The above pictures were taken with maximum possible magnification – first the lens set to the maximum magnification and then focus achieved by moving macro focusing rail. So what’s this maximum magnification scale? Let’s see:
The above picture shows so called “millimeter paper” – the distance between two lines is 1mm. Let’s count: we can see 18mm horizontally. The sensor is 23.6mm long. So simple calculation says that the maximum magnification scale is 1.31:1. Quite nice, I would say.
Unfortunately this setup has it’s drawbacks. Let’s leave aside poor AF performance or sometimes AF not working at all – this is natural and I prefer manual focusing, using macro rail. But what is really an issue is big light falloff – flash is a must. But as we know, today Fujifilm doesn’t offer too much in this range. I was using tiny Fujifilm EF-X20 as this is the only flash for Fuji X-Pro2 I currently have. I have added a simple diffuser made of white windscreen washer bottle, installed above the lens. But I would definitely prefer two off-camera flashes, with wireless control. And the second thing – Fujinon XF Macro 60mm has the manual focusing ring. But this ring doesn’t have a mechanical connection to lens groups, instead it works sending electrical signals to the body’s CPU which in turn commands the motors inside the lens. I don’t like such thing in macro lens, where I usually use manual focusing, because turning the ring I have no idea if I have already reached the extreme setting or not. And one more thing: geometry. The above picture shows clearly the barrel distortion, which in this case has almost no meaning, but also field curvature and sharpness falling towards edges, what makes hard setting focus correctly for entire picture.
Despite the small issues, in my opinion the Fujinon XF Macro 60mm is still a nice lens – but someone who wants to achieve magnification bigger than 1:2 and photograph living insects, he will not have easy life.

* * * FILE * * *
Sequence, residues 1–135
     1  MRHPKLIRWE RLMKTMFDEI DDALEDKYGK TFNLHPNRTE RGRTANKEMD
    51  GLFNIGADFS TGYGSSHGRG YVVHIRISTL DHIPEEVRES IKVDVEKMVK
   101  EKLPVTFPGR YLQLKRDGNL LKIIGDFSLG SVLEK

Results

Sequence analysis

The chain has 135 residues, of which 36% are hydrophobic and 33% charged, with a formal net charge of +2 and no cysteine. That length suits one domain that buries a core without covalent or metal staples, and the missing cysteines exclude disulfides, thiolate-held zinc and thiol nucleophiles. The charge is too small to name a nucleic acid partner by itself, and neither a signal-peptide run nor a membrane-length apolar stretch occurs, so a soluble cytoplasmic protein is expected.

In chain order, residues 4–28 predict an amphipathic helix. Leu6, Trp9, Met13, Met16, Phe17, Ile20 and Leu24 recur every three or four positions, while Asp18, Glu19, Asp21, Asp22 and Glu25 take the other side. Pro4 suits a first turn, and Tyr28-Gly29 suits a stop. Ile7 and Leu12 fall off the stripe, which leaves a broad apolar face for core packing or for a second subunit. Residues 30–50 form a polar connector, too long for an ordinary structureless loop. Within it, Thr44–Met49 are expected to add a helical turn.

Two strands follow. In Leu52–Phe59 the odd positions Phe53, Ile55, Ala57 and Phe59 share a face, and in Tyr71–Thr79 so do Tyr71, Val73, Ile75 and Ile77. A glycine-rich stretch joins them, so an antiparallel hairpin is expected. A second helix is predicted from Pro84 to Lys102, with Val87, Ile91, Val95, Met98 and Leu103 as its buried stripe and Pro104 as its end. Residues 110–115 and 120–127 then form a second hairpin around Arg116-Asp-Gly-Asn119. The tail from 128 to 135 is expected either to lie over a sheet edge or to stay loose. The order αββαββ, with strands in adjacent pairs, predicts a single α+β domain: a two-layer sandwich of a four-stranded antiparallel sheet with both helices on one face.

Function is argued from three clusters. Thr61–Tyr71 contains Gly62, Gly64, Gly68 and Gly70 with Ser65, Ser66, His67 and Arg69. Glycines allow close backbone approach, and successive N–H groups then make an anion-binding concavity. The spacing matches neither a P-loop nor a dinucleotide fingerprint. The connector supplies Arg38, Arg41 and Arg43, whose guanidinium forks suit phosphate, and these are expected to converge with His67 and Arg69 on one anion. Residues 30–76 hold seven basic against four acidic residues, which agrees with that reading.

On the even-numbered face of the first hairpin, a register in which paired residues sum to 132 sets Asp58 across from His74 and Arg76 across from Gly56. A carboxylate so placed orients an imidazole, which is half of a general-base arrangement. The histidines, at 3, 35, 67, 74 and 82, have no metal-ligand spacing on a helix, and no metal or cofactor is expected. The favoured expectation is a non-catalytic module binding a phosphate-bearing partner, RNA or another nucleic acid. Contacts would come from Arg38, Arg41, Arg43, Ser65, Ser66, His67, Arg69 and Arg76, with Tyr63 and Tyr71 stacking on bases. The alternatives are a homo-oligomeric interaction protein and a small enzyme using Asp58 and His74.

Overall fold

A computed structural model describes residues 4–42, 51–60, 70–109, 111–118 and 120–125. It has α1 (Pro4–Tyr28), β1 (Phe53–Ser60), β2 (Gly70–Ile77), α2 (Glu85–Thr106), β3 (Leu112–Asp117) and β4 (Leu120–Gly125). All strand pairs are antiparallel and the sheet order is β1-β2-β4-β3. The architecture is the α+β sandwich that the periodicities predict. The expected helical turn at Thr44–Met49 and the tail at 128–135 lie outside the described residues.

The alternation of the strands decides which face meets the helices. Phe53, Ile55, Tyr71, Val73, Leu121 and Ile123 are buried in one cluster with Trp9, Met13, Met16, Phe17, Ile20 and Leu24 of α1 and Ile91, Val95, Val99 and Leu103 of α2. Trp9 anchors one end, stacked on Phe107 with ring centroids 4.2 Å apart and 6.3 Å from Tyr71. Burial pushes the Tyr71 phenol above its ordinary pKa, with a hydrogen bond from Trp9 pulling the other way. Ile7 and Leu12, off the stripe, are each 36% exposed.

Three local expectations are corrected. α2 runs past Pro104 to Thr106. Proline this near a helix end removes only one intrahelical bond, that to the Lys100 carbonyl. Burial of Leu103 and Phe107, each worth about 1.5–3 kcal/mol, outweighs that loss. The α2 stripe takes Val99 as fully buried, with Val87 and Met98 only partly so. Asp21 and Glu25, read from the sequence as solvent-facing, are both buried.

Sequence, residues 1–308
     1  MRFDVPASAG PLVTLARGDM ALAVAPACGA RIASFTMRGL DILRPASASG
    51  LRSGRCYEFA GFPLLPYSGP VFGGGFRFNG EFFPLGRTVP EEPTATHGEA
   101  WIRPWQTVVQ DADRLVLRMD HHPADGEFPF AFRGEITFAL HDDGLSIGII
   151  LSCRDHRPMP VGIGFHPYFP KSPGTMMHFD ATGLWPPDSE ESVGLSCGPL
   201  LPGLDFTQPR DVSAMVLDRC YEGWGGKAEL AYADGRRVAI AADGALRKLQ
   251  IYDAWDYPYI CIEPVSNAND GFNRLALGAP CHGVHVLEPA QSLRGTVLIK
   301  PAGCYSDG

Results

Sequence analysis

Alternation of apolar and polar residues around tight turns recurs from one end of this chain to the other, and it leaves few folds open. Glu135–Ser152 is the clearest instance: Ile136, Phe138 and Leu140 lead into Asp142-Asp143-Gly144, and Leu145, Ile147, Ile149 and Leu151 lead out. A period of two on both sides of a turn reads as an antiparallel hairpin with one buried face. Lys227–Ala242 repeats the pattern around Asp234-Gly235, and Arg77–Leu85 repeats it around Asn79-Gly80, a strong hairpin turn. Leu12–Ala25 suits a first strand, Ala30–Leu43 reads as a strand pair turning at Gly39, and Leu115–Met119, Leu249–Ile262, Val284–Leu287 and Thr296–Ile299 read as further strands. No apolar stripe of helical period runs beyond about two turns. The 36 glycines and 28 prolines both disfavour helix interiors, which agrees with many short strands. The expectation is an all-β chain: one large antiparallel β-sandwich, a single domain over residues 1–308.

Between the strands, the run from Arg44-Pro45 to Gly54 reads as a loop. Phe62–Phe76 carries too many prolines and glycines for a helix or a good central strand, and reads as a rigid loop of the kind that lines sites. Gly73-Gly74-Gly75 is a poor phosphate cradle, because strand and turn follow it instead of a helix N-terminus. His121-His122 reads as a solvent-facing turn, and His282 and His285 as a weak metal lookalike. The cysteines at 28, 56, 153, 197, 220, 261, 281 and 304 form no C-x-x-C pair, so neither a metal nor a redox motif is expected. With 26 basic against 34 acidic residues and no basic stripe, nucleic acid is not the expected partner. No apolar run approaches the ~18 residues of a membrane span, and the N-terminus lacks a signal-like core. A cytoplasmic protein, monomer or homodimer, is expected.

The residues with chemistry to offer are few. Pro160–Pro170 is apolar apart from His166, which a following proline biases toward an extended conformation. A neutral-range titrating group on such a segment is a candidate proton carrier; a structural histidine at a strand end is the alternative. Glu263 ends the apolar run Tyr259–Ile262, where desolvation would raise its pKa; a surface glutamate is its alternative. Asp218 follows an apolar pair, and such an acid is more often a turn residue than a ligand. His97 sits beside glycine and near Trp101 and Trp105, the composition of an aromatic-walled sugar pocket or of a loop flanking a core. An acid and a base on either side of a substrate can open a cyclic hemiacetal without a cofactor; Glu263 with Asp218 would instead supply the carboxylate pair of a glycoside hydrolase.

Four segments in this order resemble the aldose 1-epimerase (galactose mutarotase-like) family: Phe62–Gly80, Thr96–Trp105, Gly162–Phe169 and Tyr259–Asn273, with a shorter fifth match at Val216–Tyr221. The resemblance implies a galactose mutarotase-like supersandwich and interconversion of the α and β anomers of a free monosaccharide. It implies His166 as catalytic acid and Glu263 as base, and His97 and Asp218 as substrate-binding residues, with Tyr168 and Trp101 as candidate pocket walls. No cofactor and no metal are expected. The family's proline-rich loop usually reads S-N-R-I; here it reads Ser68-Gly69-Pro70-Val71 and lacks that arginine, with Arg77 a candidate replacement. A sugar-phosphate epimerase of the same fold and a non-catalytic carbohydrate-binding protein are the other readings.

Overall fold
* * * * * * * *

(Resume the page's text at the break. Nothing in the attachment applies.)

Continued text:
…no, not FUJINON XF60mm F2.4 R Macro. It is hard to call this lens not only the best macro lens, but macro lens at all. With 1:2 reproduction ratio and 60mm focal length I would call it rather “pseudo macro”. This is why macro Fujifilm passionate have to invent something on their own. And I invented something like that:
For many years, my format of choice to write photographs has been RAW. Exclusively RAW. And then development on the PC. Partly due to the desire to write picture with most complete data to be able in the future to get maximum quality final pictures. Even if this “getting maximum quality” stays in the category of good wishes. Partly due to the fact, that my cameras so far didn’t process shots the way I would be satisfied. So there is nothing strange in fact that just after I started shooting with X-Pro2, my search for best RAW (or RAF) developer for files written by this camera has also started. Everybody rate Iridient as the top developer.
He was waiting, waiting and finally went away. Three have come instead. Or even four. The new ones are quite sexy, beautiful, shapely and… sharp! So who has gone? AF-S Nikkor 300mm G ED VR II. And who have come?
In the spare time I have made some shots with both lenses. Definitely this is neither a scientific analysis nor neutral comparison. This is because Fujinon was working on X-Pro2 – 24 Mpx, while Nikkor was on the D810 – 36 Mpx. Why this way? The simple answer: I don’t have any APS-C Nikon body. A bit more complex answer: Fujinon is an APC-C lens, so it’s natural way of working is with APS-C body. But Nikkor is a full frame lens – in it’s case the natural environment is the full frame body. So why would I use it with APS-C body? Especially when the majority of the weight is concentrated in the lens?
No, this is not another, an in-depth description of Fujifilm X-Pro2. It will be a subjective description of the camera, and, in principle, what I noticed after the first few days of use. And it will not be just a series of delights, because I found things both positive and negative.